Student Essay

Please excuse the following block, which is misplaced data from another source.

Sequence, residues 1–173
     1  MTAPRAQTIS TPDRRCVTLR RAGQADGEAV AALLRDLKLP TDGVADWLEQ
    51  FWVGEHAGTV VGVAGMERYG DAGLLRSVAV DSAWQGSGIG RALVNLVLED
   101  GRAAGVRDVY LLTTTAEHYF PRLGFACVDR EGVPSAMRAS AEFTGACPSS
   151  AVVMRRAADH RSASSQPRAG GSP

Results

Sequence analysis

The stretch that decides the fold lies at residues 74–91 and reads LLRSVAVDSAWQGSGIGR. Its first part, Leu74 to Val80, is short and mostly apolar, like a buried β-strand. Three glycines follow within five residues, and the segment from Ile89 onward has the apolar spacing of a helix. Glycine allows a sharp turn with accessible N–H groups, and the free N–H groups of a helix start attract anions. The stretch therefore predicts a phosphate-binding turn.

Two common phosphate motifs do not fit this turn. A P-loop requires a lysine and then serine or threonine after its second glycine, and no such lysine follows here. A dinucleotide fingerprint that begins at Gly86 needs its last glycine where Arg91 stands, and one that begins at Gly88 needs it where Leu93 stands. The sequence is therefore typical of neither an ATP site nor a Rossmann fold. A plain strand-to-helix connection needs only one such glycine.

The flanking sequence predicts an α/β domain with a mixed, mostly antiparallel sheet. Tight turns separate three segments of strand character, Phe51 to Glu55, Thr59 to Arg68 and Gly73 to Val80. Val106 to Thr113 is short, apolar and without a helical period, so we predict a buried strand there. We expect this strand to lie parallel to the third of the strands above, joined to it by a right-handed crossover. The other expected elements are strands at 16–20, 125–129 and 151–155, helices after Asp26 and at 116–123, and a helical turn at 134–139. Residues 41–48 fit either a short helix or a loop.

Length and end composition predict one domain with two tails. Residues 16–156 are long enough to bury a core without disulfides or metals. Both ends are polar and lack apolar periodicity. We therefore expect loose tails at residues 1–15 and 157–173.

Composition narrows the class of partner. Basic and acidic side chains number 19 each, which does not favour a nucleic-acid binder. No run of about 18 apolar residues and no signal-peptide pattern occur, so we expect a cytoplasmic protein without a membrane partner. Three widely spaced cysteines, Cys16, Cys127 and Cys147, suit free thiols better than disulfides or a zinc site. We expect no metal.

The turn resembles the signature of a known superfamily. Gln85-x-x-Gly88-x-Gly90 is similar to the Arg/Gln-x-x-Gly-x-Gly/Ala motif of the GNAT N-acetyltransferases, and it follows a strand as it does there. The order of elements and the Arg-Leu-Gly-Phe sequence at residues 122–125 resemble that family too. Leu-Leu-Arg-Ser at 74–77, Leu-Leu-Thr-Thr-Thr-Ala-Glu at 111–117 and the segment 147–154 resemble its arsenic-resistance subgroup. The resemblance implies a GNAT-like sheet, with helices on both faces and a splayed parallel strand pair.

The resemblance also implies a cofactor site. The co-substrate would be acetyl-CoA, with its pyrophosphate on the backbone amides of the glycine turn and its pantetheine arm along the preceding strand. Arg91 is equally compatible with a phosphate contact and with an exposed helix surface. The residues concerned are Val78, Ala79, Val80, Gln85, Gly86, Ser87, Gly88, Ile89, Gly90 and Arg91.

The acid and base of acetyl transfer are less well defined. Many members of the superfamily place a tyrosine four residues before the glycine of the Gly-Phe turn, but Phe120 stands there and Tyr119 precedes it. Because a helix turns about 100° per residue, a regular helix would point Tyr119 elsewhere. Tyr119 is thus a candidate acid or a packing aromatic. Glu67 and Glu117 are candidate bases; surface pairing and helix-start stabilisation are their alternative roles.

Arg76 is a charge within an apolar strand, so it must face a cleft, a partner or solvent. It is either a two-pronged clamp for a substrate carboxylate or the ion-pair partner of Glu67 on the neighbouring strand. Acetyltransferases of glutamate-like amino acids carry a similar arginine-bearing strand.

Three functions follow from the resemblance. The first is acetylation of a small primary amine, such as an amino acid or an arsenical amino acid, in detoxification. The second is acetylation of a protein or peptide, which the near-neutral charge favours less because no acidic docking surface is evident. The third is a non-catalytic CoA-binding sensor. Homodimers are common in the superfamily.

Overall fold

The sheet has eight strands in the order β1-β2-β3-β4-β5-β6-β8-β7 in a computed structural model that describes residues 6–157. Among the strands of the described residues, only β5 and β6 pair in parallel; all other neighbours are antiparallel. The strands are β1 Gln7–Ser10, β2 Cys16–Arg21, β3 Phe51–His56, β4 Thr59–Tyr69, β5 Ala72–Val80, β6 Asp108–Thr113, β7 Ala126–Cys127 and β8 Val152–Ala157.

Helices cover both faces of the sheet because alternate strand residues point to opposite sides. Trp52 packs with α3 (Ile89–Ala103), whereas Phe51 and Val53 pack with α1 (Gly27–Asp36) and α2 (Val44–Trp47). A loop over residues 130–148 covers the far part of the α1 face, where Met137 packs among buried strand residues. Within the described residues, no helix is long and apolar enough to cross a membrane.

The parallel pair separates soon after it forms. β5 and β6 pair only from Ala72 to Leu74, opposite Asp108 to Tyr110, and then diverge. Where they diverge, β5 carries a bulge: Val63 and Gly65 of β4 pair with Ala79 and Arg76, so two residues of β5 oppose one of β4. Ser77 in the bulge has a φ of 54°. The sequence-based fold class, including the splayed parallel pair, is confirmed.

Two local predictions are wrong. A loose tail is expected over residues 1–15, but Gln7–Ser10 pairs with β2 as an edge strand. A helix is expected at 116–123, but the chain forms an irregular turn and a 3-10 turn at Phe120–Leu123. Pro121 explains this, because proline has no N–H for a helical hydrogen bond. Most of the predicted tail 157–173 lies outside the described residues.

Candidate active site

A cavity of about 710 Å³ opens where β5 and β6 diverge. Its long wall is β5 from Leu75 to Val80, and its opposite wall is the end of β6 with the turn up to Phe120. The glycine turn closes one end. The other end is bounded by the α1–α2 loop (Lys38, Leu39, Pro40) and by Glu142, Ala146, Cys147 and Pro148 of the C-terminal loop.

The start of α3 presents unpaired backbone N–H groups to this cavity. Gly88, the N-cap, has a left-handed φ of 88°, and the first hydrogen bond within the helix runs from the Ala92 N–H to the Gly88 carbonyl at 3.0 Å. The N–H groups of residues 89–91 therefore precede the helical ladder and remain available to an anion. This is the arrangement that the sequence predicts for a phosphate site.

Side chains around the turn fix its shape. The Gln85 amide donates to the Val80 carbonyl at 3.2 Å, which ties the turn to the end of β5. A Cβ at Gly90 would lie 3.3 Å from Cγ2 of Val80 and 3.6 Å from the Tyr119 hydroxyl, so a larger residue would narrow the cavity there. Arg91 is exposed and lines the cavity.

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The Watchers Are Watching From the beginning of life to its end, people pass through certain representations of authority. Most people drift through life in apathetical lethargy unconsciously being molded into society. Those people live their everyday life, wishing for power, but select few try to understand it of power, manipulate it and use it. For those who dare to do these things, Michel Foucault has laid out the blueprints. Power, which is based on surveillance, draws the individual to believe that the world he lives in is one that is continually watching over him. In an essay entitled Panopticism, Foucault writes about many revolutionary ideas about power. He relates power to Bentham’s panopticon, a penal structure in which prisoner’s cells are constructed in a circular pattern around a central guard tower. This makes the prisoners afraid of constantly being watched, as they cannot see who is inside the tower. The person inside the machinery has ability to see entire periphery, so every prisoner is watched constantly. The observer is not visible to surroundings, which is one of the attributes of God. The idea of the panopticon has mammoth implications of principles of power. Up until this point, dungeon-like prisons in Europe were completely inefficient because prisoners were hided in tinny cells without light. Foucault marked that this panopticon took the prison world out of the dark ages, and made it into “marvelous machine which, whatever use one may wish to put it to, produces homogeneous effects of power’’(216). Indeed, the more uniform and efficient power is, the greater chance it has of governing and reforming the individual. That is why the prisoners do not like to be observed because they are afraid of what may happen next if they do not behave a certain way. The penal system is not the only one which is infected by panopticism. In the

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